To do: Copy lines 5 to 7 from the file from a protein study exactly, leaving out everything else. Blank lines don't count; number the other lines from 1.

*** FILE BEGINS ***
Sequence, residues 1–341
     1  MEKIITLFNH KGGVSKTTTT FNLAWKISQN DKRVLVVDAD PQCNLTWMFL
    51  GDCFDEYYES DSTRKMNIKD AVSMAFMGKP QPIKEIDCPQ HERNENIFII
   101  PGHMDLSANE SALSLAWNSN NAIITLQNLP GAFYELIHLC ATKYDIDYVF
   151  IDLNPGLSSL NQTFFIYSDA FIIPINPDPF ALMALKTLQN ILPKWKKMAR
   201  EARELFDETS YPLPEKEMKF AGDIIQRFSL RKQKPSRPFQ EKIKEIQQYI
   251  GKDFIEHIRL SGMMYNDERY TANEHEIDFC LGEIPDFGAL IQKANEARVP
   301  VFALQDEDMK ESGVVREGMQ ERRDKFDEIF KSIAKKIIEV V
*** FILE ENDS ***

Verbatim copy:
   151  IDLNPGLSSL NQTFFIYSDA FIIPINPDPF ALMALKTLQN ILPKWKKMAR
   201  EARELFDETS YPLPEKEMKF AGDIIQRFSL RKQKPSRPFQ EKIKEIQQYI
   251  GKDFIEHIRL SGMMYNDERY TANEHEIDFC LGEIPDFGAL IQKANEARVP